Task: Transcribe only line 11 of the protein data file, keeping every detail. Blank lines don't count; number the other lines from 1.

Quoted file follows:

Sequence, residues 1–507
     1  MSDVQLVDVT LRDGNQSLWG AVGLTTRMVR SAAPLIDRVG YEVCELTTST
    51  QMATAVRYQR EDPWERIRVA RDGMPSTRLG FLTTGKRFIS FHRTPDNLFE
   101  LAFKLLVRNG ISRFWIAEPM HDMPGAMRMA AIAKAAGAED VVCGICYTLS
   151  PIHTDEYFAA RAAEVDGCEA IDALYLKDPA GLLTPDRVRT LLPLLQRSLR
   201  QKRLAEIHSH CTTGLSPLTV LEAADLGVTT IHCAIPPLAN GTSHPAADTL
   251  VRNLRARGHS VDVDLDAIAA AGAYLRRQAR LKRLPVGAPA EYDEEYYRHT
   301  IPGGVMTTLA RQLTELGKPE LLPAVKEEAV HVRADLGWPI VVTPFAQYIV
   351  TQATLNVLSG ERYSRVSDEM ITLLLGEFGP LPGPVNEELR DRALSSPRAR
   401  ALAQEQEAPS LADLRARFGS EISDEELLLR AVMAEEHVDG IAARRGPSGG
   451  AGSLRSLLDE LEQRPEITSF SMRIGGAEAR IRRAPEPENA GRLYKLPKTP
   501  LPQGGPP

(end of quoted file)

   451  AGSLRSLLDE LEQRPEITSF SMRIGGAEAR IRRAPEPENA GRLYKLPKTP